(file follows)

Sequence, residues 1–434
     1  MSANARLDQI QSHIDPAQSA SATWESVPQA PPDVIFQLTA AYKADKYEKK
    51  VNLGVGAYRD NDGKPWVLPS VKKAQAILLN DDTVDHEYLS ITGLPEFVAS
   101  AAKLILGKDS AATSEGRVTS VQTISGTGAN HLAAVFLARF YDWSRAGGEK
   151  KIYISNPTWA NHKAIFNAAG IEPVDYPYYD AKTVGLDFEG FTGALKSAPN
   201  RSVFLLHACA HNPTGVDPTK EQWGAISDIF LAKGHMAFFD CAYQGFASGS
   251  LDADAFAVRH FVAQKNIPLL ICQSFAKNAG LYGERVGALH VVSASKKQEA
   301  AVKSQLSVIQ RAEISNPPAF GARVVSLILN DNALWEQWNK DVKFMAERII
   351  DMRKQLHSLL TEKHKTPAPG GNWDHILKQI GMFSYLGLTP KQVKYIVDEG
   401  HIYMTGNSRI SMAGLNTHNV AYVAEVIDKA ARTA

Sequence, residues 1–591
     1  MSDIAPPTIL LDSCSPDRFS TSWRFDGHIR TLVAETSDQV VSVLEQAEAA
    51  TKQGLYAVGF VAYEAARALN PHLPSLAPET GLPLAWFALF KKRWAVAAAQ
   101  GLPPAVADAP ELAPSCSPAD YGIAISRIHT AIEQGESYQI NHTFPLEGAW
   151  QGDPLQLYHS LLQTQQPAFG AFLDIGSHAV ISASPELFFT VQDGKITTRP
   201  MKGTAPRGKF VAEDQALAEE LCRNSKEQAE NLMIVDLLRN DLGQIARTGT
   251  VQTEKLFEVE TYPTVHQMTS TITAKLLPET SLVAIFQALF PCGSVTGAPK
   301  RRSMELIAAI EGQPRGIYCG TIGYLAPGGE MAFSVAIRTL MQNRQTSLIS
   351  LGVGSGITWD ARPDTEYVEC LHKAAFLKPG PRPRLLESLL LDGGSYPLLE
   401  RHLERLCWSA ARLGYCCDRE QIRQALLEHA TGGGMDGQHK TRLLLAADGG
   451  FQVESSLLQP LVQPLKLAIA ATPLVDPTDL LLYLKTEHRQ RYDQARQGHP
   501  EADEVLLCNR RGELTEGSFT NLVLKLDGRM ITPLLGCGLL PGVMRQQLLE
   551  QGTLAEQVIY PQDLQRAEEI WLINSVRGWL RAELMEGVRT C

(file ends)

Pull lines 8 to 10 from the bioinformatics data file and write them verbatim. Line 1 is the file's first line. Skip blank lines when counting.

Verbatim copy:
   301  AVKSQLSVIQ RAEISNPPAF GARVVSLILN DNALWEQWNK DVKFMAERII
   351  DMRKQLHSLL TEKHKTPAPG GNWDHILKQI GMFSYLGLTP KQVKYIVDEG
   401  HIYMTGNSRI SMAGLNTHNV AYVAEVIDKA ARTA